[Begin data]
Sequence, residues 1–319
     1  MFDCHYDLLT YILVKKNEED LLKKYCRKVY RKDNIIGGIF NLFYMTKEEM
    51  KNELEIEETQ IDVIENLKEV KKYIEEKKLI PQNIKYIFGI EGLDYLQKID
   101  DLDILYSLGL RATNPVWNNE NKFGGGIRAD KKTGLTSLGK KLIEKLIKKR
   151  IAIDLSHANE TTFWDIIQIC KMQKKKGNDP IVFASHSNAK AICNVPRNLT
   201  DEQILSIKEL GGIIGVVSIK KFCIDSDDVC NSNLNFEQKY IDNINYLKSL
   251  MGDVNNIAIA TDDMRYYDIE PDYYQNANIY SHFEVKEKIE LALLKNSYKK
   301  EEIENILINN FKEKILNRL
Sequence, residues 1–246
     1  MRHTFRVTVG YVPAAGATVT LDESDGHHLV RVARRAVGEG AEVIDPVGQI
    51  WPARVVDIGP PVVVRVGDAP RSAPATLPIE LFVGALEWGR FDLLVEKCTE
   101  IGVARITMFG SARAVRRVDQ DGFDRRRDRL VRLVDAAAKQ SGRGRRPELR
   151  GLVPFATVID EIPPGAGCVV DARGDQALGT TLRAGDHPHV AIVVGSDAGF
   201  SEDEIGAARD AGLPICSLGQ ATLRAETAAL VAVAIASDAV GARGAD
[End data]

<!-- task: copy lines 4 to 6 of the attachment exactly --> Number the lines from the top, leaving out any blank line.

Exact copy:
   101  DLDILYSLGL RATNPVWNNE NKFGGGIRAD KKTGLTSLGK KLIEKLIKKR
   151  IAIDLSHANE TTFWDIIQIC KMQKKKGNDP IVFASHSNAK AICNVPRNLT
   201  DEQILSIKEL GGIIGVVSIK KFCIDSDDVC NSNLNFEQKY IDNINYLKSL